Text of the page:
Council is open to off-sale liquor license applications

By Seth Schmidt

City of Tracy leaders are signaling a willingness to consider one or more off-sale liquor licenses to private business enterprises and end the operation of a municipal liquor store.

Accepting a recommendation from an advisory committee, the city council Monday instructed City Administrator Kris Ambuehl to draft “Request for Proposal” language whereby private parties could apply for a city-issued off-sale liquor license.   

The council will likely consider the RFP language at their August 13 meeting,  and decide whether to proceed with taking off-sale liquor license applications.

The private liquor license discussion was sparked by the announcement last week, that an unnamed investor group is considering a $3.5 million redevelopment plan of the former Red Rooster property on Hwy. 14.

The plan includes a travel center, fueling stations, laundromat,  car wash, and retail liquor store.  Representatives of the Tracy Development Corp., which owns the Red Rooster site, said the investor group wants to know whether city government would consider an off-sale liquor license application for the project.  The group has also indicated that they would consider buying the inventory at the municipal liquor store,  and operating the South St. site until their new facility is completed.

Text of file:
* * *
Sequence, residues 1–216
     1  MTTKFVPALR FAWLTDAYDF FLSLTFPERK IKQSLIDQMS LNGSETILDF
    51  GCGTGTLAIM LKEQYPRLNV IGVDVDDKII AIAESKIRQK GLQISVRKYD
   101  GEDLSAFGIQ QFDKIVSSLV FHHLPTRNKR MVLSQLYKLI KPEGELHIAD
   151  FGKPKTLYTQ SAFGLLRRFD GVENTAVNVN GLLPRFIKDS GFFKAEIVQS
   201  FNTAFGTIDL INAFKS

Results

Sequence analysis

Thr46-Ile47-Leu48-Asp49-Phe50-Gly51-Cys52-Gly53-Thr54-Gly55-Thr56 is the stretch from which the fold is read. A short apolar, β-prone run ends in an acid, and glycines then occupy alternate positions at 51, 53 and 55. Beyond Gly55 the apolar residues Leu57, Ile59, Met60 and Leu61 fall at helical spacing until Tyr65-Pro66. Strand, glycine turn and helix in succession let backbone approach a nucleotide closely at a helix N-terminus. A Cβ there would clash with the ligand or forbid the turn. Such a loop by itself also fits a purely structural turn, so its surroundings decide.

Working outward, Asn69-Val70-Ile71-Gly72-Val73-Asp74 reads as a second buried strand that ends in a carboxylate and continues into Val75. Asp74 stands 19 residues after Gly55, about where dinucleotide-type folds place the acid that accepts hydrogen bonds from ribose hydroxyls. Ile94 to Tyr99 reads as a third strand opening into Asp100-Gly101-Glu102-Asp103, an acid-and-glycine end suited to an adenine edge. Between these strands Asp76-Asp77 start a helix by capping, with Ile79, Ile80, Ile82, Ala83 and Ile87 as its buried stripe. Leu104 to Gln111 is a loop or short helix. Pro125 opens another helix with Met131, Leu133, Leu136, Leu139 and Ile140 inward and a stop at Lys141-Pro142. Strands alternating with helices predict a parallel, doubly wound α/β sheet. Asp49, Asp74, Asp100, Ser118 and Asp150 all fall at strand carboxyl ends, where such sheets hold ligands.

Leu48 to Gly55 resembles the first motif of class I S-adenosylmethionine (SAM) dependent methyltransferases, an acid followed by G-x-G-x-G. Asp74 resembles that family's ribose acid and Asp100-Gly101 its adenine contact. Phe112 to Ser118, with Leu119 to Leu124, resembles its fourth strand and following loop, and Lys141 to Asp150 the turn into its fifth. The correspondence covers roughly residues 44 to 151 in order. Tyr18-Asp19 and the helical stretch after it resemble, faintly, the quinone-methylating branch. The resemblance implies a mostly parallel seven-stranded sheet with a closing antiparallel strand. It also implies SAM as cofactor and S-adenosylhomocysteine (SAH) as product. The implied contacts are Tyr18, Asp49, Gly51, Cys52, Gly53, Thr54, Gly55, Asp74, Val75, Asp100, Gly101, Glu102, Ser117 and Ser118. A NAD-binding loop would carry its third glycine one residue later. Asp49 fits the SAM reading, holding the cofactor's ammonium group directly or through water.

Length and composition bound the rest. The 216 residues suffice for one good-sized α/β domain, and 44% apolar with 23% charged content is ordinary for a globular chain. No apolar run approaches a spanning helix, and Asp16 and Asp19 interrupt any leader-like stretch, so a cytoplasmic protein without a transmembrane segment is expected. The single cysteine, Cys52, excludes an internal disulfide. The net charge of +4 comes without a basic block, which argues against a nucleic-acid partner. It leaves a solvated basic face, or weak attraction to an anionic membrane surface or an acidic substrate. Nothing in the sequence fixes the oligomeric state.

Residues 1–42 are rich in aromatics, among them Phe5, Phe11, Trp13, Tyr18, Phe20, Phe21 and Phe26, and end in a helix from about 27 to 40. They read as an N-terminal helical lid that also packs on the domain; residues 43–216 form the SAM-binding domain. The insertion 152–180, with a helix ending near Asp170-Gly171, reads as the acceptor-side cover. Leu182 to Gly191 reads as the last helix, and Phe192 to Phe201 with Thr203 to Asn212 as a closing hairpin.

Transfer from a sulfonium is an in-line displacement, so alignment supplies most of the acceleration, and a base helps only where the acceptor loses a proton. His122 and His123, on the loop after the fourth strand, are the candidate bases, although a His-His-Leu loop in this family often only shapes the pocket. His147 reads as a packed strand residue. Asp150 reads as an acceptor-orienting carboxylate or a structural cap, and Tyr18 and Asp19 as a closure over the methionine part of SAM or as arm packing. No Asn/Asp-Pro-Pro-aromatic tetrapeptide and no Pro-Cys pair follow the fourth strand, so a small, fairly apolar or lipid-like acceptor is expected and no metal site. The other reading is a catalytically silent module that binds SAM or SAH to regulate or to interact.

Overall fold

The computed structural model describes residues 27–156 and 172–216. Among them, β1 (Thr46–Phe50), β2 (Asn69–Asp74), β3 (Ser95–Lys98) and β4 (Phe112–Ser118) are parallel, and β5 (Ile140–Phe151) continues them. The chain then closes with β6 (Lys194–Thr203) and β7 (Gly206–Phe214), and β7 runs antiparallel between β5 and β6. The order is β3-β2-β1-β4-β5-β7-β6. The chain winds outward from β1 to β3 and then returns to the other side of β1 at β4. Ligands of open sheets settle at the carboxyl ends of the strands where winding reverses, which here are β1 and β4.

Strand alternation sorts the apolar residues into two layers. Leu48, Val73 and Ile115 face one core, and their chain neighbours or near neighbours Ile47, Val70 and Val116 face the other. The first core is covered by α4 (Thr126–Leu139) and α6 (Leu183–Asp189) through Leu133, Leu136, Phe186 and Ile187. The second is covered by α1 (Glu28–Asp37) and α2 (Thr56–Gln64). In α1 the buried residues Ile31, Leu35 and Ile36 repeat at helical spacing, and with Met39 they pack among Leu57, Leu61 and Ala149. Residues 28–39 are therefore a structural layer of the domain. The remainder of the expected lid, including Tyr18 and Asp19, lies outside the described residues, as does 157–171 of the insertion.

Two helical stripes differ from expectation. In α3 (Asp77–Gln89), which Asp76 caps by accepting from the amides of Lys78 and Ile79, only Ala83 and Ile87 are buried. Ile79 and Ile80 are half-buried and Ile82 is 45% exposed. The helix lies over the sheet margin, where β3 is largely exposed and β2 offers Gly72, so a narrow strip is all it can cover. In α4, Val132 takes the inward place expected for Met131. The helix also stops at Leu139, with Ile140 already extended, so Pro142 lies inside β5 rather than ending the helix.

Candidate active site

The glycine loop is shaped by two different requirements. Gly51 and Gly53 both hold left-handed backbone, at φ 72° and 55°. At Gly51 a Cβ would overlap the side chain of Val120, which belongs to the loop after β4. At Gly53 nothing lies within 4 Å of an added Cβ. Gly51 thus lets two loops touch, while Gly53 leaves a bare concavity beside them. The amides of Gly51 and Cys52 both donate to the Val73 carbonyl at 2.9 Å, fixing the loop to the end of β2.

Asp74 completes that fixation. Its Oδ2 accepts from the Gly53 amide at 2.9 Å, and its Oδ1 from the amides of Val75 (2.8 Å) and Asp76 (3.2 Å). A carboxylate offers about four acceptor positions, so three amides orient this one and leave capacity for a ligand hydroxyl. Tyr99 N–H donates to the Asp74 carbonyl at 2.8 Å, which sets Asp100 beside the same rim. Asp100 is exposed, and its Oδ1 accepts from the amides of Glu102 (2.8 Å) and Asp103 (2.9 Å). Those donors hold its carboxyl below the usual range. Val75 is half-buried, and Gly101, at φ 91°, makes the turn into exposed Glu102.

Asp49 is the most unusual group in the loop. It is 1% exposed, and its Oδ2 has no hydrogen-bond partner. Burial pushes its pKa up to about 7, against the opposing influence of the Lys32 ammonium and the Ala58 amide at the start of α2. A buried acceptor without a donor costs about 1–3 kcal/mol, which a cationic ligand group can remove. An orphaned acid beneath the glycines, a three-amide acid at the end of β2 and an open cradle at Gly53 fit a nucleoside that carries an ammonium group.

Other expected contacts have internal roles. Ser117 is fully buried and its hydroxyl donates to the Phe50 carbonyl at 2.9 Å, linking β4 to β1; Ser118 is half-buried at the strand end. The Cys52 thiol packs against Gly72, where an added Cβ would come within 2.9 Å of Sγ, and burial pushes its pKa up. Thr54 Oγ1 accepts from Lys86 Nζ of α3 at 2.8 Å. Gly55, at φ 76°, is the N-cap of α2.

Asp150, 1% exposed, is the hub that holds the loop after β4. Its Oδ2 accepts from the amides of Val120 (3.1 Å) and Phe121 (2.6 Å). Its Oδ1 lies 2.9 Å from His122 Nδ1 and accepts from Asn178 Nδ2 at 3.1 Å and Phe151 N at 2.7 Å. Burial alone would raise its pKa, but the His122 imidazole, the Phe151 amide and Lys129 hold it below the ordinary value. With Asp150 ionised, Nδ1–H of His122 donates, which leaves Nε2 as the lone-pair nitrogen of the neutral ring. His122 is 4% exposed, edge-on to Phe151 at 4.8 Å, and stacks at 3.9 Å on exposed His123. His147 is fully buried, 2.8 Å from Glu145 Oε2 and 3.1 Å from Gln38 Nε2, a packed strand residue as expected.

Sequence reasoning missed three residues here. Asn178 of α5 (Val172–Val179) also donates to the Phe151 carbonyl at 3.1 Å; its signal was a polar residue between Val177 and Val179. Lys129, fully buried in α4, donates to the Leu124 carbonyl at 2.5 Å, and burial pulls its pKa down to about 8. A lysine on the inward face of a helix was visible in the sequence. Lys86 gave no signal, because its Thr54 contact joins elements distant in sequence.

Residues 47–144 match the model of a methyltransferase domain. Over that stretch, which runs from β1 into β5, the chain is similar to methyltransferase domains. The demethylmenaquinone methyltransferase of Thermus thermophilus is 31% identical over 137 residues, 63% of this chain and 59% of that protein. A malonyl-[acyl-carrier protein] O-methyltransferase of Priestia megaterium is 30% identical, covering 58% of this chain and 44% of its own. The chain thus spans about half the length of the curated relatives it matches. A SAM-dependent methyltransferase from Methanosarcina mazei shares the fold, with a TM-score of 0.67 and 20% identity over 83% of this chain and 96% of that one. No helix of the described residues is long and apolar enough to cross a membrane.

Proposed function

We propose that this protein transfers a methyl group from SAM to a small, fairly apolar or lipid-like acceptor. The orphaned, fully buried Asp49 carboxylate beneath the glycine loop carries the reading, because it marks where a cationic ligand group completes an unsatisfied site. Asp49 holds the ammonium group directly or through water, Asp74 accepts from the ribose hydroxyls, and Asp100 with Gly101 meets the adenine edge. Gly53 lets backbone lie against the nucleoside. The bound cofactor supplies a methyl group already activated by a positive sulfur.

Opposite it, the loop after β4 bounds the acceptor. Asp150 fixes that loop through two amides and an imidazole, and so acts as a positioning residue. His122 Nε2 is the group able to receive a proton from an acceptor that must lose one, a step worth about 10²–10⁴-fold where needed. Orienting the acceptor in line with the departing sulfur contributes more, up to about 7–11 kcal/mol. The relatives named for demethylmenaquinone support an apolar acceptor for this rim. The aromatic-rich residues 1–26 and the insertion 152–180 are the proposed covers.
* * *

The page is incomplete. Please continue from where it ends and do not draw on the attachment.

The city’s advisory liquor store committee, made the following recommendations, regarding the granting of a liquor license to any group, and the take-over of the municipal store:

• Purchase of inventory at 100% of invoiced cost.

• Jan. 1, 2019 takeover date.

• Fulfill one of two options:  New store construction within Tracy City Limits; or refurbish the existing municipal store location or vacant building within city limits.

• Carry over current staff.

• Be allowed to operate in current location until Jan. 1, 2020.

• • •

Ambuehl said that “there are a lot of parameters” for a city to follow in taking applications for a private, off-sale liquor license.   He said that the license application process would need to be open to all, and that it would be up to the council to decide which application to accept, and whether more than one off-sale license should be granted.  State law prohibits selling its liquor store inventory for less than its cost, he noted, and statute also sets the amount the city can charge for an off-sale license:  $240.

Council consensus was to consider RFP language on August 13, and possibly set a Sept. 30 deadline for interested parties to submit an off-sale liquor license application.